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hold down the wings of a grounded aircraft Does "books hold down the wings of a grounded aircraft and ooze dried poppies" mean "books and ooze dried poppies on the wings of a airplane prevent it from flying"? because the images of thispiece show such a thing. Context: Kiefer’s Poppy and Memory: The Angel of History (1989) is more of a warning shot than a meditation on history. Here, books hold down the wings of a grounded aircraft and ooze dried poppies – a potent symbol of remembrance.
Aug 7, 2018 10:50 AM
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Ooze is used as a verb here. If someone oozes something, that means they have a lot of it. Books=subject in both cases: Books hold down the wings of a grounded aircraft. Books ooze dried poppies. Other than that I think you are right that the books are preventing the plane from flying. It is a way of saying that if we appreciate the memories (from the books), we will think twice before we fly the plane again. Or we will not fly it at all = we will not fight. This is how I would interpret this piece of art.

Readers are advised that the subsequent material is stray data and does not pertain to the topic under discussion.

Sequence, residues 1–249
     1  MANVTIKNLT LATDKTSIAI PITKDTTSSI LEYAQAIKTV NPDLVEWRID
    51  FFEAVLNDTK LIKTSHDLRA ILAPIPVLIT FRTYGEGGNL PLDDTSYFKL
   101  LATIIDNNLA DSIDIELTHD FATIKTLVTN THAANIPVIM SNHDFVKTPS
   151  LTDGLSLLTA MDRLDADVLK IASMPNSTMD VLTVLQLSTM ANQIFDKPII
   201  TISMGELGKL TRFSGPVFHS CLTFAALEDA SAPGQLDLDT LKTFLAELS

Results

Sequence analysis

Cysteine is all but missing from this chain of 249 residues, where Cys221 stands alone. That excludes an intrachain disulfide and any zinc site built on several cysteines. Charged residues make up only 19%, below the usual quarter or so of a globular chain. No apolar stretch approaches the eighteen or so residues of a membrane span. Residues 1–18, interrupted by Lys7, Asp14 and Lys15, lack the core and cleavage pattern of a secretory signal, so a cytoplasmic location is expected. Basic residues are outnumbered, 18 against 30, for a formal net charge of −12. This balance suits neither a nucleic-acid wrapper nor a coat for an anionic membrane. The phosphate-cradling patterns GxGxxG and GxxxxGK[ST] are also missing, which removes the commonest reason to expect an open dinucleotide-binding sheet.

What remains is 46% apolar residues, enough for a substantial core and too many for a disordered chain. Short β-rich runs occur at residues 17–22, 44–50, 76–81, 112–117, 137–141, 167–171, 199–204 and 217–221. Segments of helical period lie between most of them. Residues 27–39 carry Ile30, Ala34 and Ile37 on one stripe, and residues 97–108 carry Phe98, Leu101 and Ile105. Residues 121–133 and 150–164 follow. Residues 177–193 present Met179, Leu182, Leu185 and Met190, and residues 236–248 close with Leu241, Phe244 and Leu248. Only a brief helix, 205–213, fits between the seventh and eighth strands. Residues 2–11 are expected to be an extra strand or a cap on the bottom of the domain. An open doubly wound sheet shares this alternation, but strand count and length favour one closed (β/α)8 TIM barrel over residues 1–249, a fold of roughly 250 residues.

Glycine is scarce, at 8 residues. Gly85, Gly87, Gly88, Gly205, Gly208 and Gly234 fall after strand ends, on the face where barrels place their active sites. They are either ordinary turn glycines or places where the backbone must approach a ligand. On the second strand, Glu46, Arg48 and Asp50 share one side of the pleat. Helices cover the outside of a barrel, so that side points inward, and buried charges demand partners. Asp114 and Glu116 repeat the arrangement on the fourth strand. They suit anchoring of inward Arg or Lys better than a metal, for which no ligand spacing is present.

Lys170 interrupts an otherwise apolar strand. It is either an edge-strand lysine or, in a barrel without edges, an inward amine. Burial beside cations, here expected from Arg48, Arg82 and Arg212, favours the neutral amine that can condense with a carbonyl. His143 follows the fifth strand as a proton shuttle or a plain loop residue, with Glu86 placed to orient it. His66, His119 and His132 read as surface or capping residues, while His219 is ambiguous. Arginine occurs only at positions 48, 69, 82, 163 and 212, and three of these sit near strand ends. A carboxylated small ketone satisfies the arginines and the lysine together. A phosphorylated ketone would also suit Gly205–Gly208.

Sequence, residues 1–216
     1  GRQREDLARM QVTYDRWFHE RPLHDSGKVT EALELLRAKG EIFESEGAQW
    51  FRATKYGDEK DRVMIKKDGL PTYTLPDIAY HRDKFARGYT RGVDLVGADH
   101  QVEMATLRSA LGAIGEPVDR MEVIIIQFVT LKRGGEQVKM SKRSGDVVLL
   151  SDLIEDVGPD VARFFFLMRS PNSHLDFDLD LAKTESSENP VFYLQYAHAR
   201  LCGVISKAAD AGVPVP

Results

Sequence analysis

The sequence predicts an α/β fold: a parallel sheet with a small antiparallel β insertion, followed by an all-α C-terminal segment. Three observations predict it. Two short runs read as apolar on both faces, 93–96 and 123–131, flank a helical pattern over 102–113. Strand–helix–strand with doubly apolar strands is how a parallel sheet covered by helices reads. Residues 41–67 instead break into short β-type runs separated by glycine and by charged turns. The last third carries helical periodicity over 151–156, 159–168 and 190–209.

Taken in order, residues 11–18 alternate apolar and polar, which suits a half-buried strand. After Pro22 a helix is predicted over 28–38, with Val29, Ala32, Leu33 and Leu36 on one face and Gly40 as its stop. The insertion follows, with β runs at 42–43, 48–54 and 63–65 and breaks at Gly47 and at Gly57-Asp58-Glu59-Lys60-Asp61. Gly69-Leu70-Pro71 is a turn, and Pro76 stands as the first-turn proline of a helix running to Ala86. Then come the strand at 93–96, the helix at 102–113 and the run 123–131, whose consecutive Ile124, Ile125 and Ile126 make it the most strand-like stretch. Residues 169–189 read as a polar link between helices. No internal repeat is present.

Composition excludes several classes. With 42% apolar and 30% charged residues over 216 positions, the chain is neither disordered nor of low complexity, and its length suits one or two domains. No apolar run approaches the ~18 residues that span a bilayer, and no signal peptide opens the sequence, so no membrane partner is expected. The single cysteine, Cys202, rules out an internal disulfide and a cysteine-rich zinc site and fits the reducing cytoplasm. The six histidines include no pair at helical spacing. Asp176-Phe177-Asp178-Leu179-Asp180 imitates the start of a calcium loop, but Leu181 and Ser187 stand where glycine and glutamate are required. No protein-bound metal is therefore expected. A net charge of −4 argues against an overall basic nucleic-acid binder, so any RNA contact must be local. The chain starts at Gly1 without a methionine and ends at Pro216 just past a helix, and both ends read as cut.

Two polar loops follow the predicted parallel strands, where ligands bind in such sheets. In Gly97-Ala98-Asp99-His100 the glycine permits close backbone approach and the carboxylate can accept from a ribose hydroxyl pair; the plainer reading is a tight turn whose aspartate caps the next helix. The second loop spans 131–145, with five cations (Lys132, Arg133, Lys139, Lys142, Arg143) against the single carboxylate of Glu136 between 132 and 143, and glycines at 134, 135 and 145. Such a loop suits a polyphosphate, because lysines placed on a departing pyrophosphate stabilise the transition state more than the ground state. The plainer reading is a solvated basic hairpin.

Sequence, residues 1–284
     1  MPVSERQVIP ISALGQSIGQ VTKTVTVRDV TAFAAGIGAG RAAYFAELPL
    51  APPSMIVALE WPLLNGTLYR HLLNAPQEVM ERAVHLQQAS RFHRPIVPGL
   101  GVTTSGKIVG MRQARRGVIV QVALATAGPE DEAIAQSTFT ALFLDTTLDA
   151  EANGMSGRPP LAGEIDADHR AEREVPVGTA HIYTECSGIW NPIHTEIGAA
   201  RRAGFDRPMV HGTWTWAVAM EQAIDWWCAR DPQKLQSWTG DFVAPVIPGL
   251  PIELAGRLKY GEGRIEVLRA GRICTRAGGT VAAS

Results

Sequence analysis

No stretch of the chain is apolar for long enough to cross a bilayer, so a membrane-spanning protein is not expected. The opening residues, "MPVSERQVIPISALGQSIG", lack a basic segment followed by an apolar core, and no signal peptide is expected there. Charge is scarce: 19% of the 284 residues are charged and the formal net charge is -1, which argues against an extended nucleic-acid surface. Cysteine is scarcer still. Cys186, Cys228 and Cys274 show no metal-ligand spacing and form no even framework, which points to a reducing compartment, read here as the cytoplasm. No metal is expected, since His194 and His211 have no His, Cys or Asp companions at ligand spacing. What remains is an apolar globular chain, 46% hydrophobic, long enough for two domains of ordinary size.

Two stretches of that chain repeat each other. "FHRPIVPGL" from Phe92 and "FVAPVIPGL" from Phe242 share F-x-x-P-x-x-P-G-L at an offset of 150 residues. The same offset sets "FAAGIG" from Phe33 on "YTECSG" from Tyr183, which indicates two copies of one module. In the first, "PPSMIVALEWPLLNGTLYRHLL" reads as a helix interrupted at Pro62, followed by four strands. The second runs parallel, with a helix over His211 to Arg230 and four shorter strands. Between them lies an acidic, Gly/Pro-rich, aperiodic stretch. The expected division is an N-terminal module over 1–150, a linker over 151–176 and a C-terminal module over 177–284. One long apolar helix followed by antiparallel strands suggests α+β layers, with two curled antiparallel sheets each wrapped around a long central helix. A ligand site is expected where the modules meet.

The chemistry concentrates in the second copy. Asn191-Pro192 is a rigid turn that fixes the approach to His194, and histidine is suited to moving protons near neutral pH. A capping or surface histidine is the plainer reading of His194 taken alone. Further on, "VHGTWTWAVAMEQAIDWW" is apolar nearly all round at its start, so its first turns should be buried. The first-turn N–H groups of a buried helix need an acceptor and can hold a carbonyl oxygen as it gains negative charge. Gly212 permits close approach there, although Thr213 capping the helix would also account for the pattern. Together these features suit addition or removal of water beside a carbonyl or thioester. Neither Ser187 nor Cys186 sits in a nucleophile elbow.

August 7, 2018
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English, German, Persian (Farsi)
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